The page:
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With the generous support of the George Sakioka Fund and Jacquelyne Hata Alexander ’84 P14 Fund for Japanese American Studies, we are proud to present a two-month gallery exhibit of rare color photographs by Bill Manbo, an internee at the Japanese American internment camp at Heart Mountain, Wyoming.  The opening of the exhibit in March 2015 will be celebrated with a public roundtable discussion led by distinguished scholars from the fields of law, photography, and performance studies.  We take the exhibit as an occasion for reflecting on this dark moment in American history and for opening up a larger conversation about the ongoing relationships among law, race, and visuality.

Record Number of Asian American Studies Courses Offered in Spring 2015 Semester

November 18, 2014 § Leave a comment

Courses for spring 2015 have been out for a while. As you are looking around the registrar, check our Princeton’s record THREE Asian American studies courses, which can help you fulfill an HA, SA, or LA. They are:

HIS 270/AMS 370Asian American History (HA) with Beth Lew-Williams, who is Princeton’s new Asian American studies professor! (More information below).

AAS 223Literature, Food, and the American Racial Diet (LA) with Anne Cheng

EAS 338/POL 354/AMS 356Asian Wars, American Politics, Hollywood Cinema (SA) with David Leheny

This will be the first time in 20 years that a course is taught at Princeton is Asian American history. If you’re interested, check out the detailed description below.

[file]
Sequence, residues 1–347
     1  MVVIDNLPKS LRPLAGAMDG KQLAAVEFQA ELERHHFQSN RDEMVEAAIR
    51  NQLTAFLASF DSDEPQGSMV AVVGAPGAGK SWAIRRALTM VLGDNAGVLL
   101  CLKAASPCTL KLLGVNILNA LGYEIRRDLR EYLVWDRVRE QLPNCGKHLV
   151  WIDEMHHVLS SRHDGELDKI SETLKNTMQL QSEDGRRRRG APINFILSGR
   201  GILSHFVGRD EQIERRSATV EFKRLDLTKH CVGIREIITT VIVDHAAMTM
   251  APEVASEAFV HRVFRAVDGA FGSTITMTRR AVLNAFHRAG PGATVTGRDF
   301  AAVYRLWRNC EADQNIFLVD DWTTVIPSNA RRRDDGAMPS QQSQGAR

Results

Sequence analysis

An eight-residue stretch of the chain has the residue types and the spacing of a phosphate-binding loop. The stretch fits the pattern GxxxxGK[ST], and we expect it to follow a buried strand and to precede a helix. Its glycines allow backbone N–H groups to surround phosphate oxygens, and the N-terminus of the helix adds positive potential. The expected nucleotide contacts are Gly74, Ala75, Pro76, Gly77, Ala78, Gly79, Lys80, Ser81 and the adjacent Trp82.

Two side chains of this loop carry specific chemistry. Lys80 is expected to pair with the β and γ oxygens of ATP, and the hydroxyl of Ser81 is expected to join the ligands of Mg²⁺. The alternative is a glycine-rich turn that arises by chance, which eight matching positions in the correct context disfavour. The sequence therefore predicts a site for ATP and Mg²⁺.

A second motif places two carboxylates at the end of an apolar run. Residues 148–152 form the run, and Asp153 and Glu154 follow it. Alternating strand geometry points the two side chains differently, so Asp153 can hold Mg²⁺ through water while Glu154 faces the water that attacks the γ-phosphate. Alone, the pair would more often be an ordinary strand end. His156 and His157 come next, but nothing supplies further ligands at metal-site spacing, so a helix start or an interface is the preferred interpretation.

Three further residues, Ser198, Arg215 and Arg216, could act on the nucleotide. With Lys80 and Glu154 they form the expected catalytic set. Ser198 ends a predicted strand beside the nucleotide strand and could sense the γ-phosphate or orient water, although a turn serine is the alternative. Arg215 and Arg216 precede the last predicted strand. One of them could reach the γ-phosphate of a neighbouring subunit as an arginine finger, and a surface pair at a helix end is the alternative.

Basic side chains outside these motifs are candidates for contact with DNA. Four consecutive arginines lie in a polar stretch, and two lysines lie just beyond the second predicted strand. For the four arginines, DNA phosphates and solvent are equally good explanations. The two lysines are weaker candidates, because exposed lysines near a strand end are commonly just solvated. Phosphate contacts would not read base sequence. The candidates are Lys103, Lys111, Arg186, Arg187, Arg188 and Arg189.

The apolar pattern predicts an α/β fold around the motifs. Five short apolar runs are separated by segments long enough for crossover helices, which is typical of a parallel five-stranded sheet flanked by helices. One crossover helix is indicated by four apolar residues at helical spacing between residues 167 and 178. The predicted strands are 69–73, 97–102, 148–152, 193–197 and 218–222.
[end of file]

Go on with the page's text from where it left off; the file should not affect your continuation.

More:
**If you are interested in finding out more about Asian American studies at Princeton, check out the AASA website here.**

HIS 270/AMS 370 Asian American History

Cls# 42925/Lew-Williams) M, W 11-11:50

Princeton students have been fighting for the university to offer Asian American studies courses for four decades. Come find out why. This class will approach U.S. history from the racial margins of the nation, focusing on East Asian, South Asian, and Southeast Asian migrants and their descendants. Each lecture will consider both a topic and a question. Lectures will include: Chinese Exclusion (or Why did the United States invent border control to keep out the Chinese?); The Fragmented South Asian Diaspora (or Are Asian Americans between black and white?); The Model Minority (or How did Asian Americans become the “good” race?); and Transnational Asian Adoption (or What are the politics of coerced migration?). Students at all levels and from all fields are welcome.